The winners of the Rally in the two classes (under 1,100 c.c. and over 1,100 c.c.) were those which obtained the highest aggregate number of marks in the road section—which included the final inspection—and in the flexibility and braking tests. Prizes were also awarded to the second, third, fourth, fifth and sixth competitor in each class. There were, in addition, a number of special awards in the coachwork competition.

THE AWARDS.

CLASS I.—CARS EXCEEDING 1,100 C.C.
First : " The Autocar " Trophy and £25, Col. A. H. Loughborough (Lanchester, with fluid flywheel).
Second : R.A.C. Trophy and £15, J. Mercer (Daimler, with fluid flywheel).
Third: R.A.C. Trophy and £10, G. F. Dennison (Riley, with Salerni torque converter).
Fourth : R.A.C. Trophy and £5, H. P. Henry (Armstrong Siddeley, with fluid flywheel).
Fifth : R.A.C. Trophy and £5, D. Healey (Invicta, with servo clutch).
Sixth : R.A.C. Trophy and £5, J. D. Siddeley (Armstrong Siddeley, with fluid flywheel).

CLASS II—CARS NOT EXCEEDING 1,100 C.C.
First : "Light Car and Cycle Car" Trophy and £25, V. E. Leverett (Riley, with Salerni torque converter).
Second : R.A.C. Trophy and £13, R. St. G. Riley (Riley).
Third : R.A.C. Trophy and £10, G. H. Strong (Standard).
Fourth : R.A.C. Trophy and £5, Mrs. M. H. Riley (Riley).
Fifth : R.A.C. Trophy and £5, Mrs. C. S. Starsland (Riley).
Sixth : R.A.C. Trophy and £5, G. W. Olive (Avon Standard).

LADIES' PRIZES.—TO the woman driver in each class who, without a male passenger or driver on the car, obtained the highest number of marks. Presented by the "Daily Mirror."
Class I.: Lady de Clifford (Lagonda).
Class II: Mrs. M. M. Riley (Riley).

IRRESPECTIVE OF CLASS.
Club Team Prize.—Col. A. H. Loughborough (Lanchester), D. Healey (Invicta), and R. Way (Rover), M.C.C. D. Team.
"The Daily Telegraph" Cup (London).—J. Mercer (Daimler, with fluid flywheel).
The Norwich Cup.—G. F. Dennison (Riley, with Salerni torque converter).
"The Leamington" Cup.—V. E. Leverett (Riley, with Salerni torque converter).

COACHWORK COMPETITION.
"The Motor" Cup for the best car in Class I.— J. E. Scott (Talbot).
"The Autocar" Trophy for the best car in Class II—C. J. Joyce (Crossley Ten).

First prizes in each of the following twelve classes. Second prizes where the entry includes five or more cars.
1. Open two-seaters under 1,100 c.c.-1, W. Waddicor (Riley) ; 2, A. H. Wilkinson (Riley).
Open two-seaters above 1,100 c.c.-1, J. A. Hackle (Daimler) ; 2, T. R. Mallen (Talbot).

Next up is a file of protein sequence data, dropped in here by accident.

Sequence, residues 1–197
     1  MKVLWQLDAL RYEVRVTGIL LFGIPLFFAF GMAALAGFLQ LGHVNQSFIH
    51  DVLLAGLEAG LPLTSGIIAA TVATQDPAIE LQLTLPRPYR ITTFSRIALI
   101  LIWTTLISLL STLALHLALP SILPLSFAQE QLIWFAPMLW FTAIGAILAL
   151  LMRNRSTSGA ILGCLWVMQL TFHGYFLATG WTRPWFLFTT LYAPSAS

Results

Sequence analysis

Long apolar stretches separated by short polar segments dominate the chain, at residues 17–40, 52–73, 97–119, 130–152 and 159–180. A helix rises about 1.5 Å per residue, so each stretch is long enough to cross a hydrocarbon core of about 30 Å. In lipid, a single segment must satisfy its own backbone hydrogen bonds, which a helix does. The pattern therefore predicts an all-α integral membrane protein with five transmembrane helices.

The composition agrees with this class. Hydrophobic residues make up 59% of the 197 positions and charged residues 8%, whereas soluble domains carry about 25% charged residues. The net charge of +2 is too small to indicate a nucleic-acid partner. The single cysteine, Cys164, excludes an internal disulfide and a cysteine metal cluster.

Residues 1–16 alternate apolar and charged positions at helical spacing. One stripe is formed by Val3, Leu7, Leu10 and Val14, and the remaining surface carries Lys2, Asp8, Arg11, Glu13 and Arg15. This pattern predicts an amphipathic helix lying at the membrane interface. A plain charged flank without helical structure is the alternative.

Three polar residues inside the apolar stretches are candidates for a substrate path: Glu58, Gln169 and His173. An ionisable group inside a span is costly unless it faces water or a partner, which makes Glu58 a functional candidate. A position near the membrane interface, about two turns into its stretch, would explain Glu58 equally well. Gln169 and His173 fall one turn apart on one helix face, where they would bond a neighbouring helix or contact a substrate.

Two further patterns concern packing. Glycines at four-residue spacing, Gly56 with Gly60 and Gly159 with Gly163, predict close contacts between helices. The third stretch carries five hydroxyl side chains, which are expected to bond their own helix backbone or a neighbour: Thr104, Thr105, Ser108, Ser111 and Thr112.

2. Open four-seaters under 1,100 c.c.—1, S. Holbrook (Crossley) ; 2, F. H. Beer (Crossley).
Open four-seaters above 1,100 c.c.-1, C. D. Siddeley (Armstrong Siddeley) ; 2, Lt.-Col. D. Will loughby-Osborne (Lancia).
3. Two-door two-seater coupes, 1,100 c.c.-1, B. Roy (Triumph) ; 2, no award.
Two-door two-seater coupes over 1,100 c.c.1, M. Newnham (Armstrong Siddeley); 2, J. Harrop (Chrysler).
4. Occasional four-seaters and two-door sports saloons, 1,100 c.c.-1, Miss P. Naismith (Standard Avon) ; 2, G. W. Olive (Standard Avon).
Occasional four-seaters and two-door sports saloons above 1,100 c.c.-1, A. Harrington-Harvard (Talbot); 2, A. It. Pass (Sunbeam).
5. Four-door sports saloons under 1,100 c.c.-1, C. J. Joyce (Crossley) ; 2, Mrs. M. M. Riley (Riley).
Four-door sports saloons above 1,100 c.c.-1, J. E. Scott (Talbot) ; 2, H. P. Henry (Armstrong Siddeley).
6. Full saloons, limousines, landaulets, and coupe de vile under 1,100 c.c.-1, G. H. Strong (Standard); 2, A. H. Oxenford (Standard).
Full saloons, limousines, landaulet, and coupes de vile, over 1,100 c.c.-1, D. H. Simmons (Rolls-Royce) ; 2, T. Thistlewayte (Rolls-Royce).

RALLY INCIDENTS.
One of the cheeriest crews was that in the Armstrong-Saurer coach, who announced their approach at controls, and to other competitors with a fanfare on an elaborate coaching horn.
Who was the unfortunate driver who could not add ? He drove over the finishing line, stopwatch in hand, and as he thought, exact to the minute. He had made, however, an hour's error in his reckoning.
Kensington Moir when approaching Buxton, was persuaded to take a "short cut" at the bidding of one of his passengers. He finished up at about 3,000 feet on a by-road, and miles from anywhere.
A hairdresser in Exeter complained that he had great difficulty in shaving his numerous Rally customers, as they persisted in falling asleep in the chair.
Another Exeter incident was when a particularly tired driver, on leaving his car, walked straight into a post. He explained that he was not short sighted— just sleepy.
One lady driver deserved a special medal. She drove single-handed throughout, had no rest, no meals, and smoked only seven cigarettes. She also had trouble with her lights, but continued, and arrived at Torquay two hours late.